How Much Money is Google Making?
All this brings us to the all-important question: how much money is Alphabet making these days? The answer it turns out is a lot, this company still generates a lot of cash and float.
Here’s some strong proof that Amazon is still capable of making a lot of money:
· A profit margin of 13.55% on June 30, 2017.
· Assets of $178.62 billion on June 30, 2017. Up from $172.76 billion in March 2017.
· $94.71 billion in cash and short-term investments at the end of second quarter 2017. That made for a $2.27 billion increase over the first quarter when Google had $92.44 billion in the bank.
· $36.21 billion in cash from operations. This was down from March 2017 when Alphabet reported $37.93 billion in cash from operations. That was a decrease of $1.72 billion.
· A market capitalization of $656.45 billion on July 31, 2017.
· An enterprise value of $573.25 billion on July 31, 2017.
All this proves that Alphabet’s business model is still highly profitable but it’s far less stable than we thought. A major reason for this is that Google is highly dependent upon some naturally erratic revenue streams including advertising.
That means sudden fluctuations in revenue; and income, are more likely than many investors think. It also has some profound implications for value investors and the entire economy.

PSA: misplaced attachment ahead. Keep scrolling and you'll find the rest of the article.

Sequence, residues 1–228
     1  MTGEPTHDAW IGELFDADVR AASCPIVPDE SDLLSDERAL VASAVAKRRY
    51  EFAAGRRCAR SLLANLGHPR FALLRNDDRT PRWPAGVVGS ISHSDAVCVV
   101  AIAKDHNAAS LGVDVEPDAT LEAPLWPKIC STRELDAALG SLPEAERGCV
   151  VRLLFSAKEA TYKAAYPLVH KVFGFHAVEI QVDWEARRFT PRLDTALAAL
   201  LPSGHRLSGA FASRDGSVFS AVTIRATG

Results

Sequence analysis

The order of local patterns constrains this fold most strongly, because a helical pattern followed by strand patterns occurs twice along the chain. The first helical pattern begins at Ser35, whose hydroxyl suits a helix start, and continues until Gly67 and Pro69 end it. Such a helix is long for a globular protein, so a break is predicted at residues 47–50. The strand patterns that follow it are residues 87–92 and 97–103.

Is Google Too Big to Fail?
The troubling question for both policymakers and investors here is Alphabet too big to fail? Could it falter and if it did would the government, bail Google out?
My take is that Alphabet; like Berkshire Hathaway (NYSE: BRK.B) can operate for several years on the cash that has in the bank. The company is also capable of purchasing new profit making assets. Therefore it’s not too big fail because it cannot fail right now.
One of my few reservations about Alphabet is its’ failure to make more aggressive acquisitions. Perhaps the company should use all that cash it has in the bank to expand into new businesses; (such as insurance, ecommerce, telecom, entertainment production or banking enterprises) or acquire existing profitable tech companies (for example: Adobe or Salesforce.com).
That’s more of a gripe about strategy than a real objection but it shows that there are potential weaknesses at Alphabet. It also shows that Alphabet is a value investment; because there is potential to greatly increase the business’s valuation — if the management wishes.
Is Google a Value Investment?
Alphabet is a value investment because of all the cash it has. Personally I think Google is undervalued at prices like $947.42 a share. There’s a lot of potential for share value growth here, in addition the 13.93% return on equity investors received on June 30, 2017.
The bottom line is that Alphabet is still a great value investment and will remain so for years to come. Those looking for a safe, modern day widows and orphans stock would be well-advised to cough up some cash for a few shares of the company formerly known as Google.
A slightly different version of this article previously appeared at Market Mad House.